The Duchess of Duke Street, the Series (5 disc Box set) DVD Review - www.impulsegamer.com -

Feature 10.0
Video 8.0
Audio 8.0
Special Features   0.0
Total 9.0
Distributor: Roadshow
Running Time:
92 minutes
Classification:
PG
Reviewer:
Felix Staica

9.0


The Duchess of Duke Street, the Series
(5 disc Box set)

Let me begin by saying this is epic TV viewing. I have seldom watched five discs of the same show in one week. It is also addictive viewing. The writing is so brilliant, the performances so convincing, I was loathe to press the stop button—and I didn’t. I watched each disc in its entirety (2hr20min) because I felt compelled to sit and watch the characters live out their adventures. Of course, this kind viewing goes against the spirit of the original series, which was broadcast in 1976 on BBC-1 and consisted of weekly 50 minute episodes. On this release, they have collapsed three episodes per disc, but you can usually tell where the line between original episodes is. 

So what on earth could possibly be this engrossing? Well, it’s the opening years of the twentieth century in London, and a youthful Louisa (Gemma Jones) applies for assistant cook to a noble household. A century ago, there was still a sharp division between the classes. Her ambition is to be ‘the best cook in England’ and the French chef de cuisine of the household gives her tips on achieving it—she works bloody hard along the way and has the talent to suit! 

At the household, she befriends a maid and the future King also takes a liking to Louisa. She is pushed around by her superiors and goes along with it, realising that that is how ‘society’ operates. Her rise and rise to a successful hotel owner and chef form the first half of the story and it is engrossing to the hilt. All the schemes and obstacles she encounters are entertaining. In the second half, once her position in life is established, she faces new trials, brought up by the envy and need of others.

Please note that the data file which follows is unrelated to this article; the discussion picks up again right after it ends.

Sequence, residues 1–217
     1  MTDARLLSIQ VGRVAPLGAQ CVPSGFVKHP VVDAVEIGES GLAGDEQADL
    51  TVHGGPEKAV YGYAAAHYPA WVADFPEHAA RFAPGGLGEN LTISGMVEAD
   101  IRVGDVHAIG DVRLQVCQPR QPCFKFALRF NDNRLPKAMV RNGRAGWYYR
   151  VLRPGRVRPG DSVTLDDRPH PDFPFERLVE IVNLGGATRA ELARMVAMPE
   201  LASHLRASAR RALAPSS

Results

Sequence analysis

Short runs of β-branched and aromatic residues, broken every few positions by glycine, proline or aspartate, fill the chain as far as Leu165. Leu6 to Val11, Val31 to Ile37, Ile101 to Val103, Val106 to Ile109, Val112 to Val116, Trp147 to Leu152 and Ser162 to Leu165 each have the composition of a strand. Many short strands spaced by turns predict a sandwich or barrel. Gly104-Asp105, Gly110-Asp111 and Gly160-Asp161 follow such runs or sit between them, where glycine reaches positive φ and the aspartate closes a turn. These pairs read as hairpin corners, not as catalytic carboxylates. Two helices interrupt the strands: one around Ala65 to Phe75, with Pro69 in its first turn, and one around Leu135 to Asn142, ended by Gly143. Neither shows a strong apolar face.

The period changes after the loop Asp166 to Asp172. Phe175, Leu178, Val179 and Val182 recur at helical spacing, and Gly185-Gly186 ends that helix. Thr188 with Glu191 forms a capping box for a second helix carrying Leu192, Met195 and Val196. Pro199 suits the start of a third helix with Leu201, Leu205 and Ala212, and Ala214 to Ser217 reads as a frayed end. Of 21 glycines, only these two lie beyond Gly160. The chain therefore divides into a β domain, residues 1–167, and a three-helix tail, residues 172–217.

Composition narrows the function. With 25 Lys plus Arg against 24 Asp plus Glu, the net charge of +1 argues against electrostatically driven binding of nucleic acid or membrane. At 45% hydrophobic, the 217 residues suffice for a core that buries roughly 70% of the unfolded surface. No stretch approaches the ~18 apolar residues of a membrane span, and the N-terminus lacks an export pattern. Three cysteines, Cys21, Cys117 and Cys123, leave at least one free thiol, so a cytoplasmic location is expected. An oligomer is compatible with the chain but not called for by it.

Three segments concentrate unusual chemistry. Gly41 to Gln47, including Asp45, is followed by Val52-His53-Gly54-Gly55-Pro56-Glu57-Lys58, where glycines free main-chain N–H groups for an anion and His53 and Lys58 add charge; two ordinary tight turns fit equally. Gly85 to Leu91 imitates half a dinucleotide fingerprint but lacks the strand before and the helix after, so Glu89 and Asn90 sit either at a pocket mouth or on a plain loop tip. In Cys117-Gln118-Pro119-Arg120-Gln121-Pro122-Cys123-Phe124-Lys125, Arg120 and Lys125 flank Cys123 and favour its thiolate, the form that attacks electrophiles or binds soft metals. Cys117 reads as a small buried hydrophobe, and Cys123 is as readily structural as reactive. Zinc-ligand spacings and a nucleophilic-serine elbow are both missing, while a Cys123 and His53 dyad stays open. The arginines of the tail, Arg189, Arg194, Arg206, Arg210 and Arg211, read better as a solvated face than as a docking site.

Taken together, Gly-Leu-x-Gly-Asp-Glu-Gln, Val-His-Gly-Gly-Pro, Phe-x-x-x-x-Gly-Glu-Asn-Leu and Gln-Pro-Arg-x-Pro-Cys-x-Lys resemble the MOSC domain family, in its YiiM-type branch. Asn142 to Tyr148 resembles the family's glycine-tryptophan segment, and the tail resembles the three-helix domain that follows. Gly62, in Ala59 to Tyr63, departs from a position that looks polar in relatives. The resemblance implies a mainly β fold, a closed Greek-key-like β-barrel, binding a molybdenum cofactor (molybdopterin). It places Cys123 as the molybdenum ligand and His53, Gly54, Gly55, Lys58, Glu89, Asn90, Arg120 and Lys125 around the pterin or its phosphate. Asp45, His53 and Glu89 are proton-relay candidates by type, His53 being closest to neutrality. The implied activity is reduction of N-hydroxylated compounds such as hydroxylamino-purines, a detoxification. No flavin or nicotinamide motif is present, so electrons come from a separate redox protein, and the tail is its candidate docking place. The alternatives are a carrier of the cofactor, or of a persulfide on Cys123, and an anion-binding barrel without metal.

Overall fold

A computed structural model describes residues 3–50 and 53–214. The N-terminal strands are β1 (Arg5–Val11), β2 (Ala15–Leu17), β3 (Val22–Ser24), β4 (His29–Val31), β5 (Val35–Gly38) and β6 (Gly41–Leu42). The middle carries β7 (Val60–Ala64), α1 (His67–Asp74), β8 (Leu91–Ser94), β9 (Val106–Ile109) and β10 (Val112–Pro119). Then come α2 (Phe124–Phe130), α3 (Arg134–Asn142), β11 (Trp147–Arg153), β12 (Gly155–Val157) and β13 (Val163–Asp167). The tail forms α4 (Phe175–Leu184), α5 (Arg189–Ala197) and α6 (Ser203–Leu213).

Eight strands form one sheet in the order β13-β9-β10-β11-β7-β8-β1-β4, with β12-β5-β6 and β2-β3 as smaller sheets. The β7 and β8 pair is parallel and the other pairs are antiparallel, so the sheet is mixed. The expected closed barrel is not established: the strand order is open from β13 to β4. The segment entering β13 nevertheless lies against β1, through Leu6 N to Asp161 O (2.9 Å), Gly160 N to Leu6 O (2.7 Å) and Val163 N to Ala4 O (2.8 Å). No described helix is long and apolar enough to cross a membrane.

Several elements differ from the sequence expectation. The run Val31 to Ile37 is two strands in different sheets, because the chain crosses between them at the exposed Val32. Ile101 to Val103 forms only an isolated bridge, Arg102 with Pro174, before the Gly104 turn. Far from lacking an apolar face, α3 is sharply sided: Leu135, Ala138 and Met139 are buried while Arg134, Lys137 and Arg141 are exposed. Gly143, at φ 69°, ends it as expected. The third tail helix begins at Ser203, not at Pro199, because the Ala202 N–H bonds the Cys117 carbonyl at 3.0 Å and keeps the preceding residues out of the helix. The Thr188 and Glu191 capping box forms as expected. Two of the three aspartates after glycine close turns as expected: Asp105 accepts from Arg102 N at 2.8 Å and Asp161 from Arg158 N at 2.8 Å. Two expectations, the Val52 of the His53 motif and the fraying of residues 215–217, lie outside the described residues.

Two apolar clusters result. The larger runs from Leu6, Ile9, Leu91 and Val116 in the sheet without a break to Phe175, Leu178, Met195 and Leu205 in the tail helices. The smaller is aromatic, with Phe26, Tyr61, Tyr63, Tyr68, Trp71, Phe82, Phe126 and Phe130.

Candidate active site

The Duchess of Duke Street is filled with characters so humanly written and so convincingly played, you feel you’ve known people like them all your life and if there were a knock on your door, you would not be surprised to find one of them there. Most memorable are Mr Merriman (John Welsh), the old butler who is anywhere and everywhere and Mary (Victoria Plucknett), the Welsh maid who ends up second in charge of the Bentink Hotel. 

I doubt most people have heard of this obscure title (I know I hadn’t). If you want some addictive TV viewing with what I consider some of the best and realistic (yes, they swear in the 1900s) TV writing I’ve ever come across, you can’t go past this DVD. The sheer energy and screen presence of Cockney-speaking Louisa Trotter and the way she deals with life are so enchanting and uplifting, you’d wish she were your auntie or neighbour! One of the best TV series I have ever seen. 

Felix Staica






 
 



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